To Menaka & Jayant
It started in college.
Slowly, patiently, determinedly, he ingratiated himself to her family. He came. He saw. He tweaked his definitions of sanity. But he came to every family function, even though it entailed a tiring commute from faraway Chembur.
A wedding date was set – 26th December, Boxing Day. Not a harbinger of peace for a kheer-paayasam shaadi.
Would he wrap a mundu-veshti around himself and turn up sitting sideways on a horse? Perhaps racy bhangra would be replaced by Kaikottikali, that sedate dance-form where everybody moves in circles and nobody has fun.
A stunning invite was designed by her artist friend. His first draft was deemed too risqué; the entwined figures of Radha and Krishna were pushed safely apart to either end of the card.
She took to morning walks like a Talwalkar to a treadmill. He let his facial hair grow for a luxuriant wedding-day beard. A flat was rented. And they wisely chose the honeymoon destination farthest from the Indian mainland – the Andamans.
The bride’s parents summoned us to a command meeting, where every detail of a 56-hour schedule was jotted down with military precision. Her mother mass-emailed us about duties and dress-code. Everyone Replied to All, and twenty messages deluged my inbox within two days.
A throng of hitherto unknown but reputedly creative relatives from Kerala were expected, and considered fierce competition. Sangeet(h) ideas were demanded from us hapless youngsters, who’d never attended one before. Notwithstanding its amateur prose, Chetan Bhagat’s Two States was deemed appropriate research material. Cousins were deployed to ferret out the couple’s love story from an unsuspecting bride.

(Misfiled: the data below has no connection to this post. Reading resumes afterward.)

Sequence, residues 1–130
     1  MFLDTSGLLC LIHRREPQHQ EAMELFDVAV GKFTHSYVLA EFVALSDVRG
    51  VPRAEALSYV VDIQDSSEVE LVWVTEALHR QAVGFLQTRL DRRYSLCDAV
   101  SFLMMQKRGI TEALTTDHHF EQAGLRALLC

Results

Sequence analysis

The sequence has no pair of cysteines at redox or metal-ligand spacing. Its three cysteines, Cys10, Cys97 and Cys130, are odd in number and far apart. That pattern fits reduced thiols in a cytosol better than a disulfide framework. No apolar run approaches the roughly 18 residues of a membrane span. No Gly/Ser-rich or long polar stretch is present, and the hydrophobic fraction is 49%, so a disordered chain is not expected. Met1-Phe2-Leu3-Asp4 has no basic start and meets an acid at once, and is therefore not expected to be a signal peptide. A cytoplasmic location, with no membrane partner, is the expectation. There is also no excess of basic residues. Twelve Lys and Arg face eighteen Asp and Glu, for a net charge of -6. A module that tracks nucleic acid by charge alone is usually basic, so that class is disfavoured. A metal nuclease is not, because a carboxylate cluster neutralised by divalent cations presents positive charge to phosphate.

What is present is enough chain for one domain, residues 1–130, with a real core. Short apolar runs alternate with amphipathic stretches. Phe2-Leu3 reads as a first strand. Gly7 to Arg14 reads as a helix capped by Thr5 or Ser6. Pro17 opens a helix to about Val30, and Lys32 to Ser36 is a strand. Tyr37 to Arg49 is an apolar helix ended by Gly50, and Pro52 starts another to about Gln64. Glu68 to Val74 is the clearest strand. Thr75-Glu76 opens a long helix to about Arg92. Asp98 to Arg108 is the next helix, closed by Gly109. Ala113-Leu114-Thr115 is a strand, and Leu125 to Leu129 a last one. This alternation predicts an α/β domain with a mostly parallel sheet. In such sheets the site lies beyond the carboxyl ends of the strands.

Google Docs were edited. A parodic play was concocted. Bedraggled office-goers steeled themselves to dance practice every evening. Arthritic uncles rehearsed with flailing arms and epileptic legs. The family bonded like never before.
At the Christmas night finale, the author of this post romanced his sister and married his own parents with ordained ease. Everyone from the bride’s grand-aunt to her maid’s two daughters performed. Yours truly debuted as a dancer with a cross-dressed interpretation of ‘Main aayi hoon UP-Bihar lootne’ that involved a skirt, a dupatta and a raunchy grimace.
The next day, the baraat shocked everyone by turning up on time. Mundu-clad yuppies danced to the beats of a brass band under the winter sun. The pedal hygiene ritual of washing the groom’s feet was used as pretext for stealing his shoes. We grabbed one, the other was lost forever (or so our canny in-laws would have us believe).
Nuptial ceremonies from both communities were interspersed. A musical grand-aunt was roped in to render part of the shlokas. The North Indian pandit had the couple in splits with his updated versions of the seven vows (which included – appropriate to the ongoing drought – building a water reservoir).
When starters were served, we bid them a temporary farewell and laid permanent siege to the food counter.
Somewhere, in the middle of all this, two young people in love got married.
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Note: Watch me dancing here at your own risk.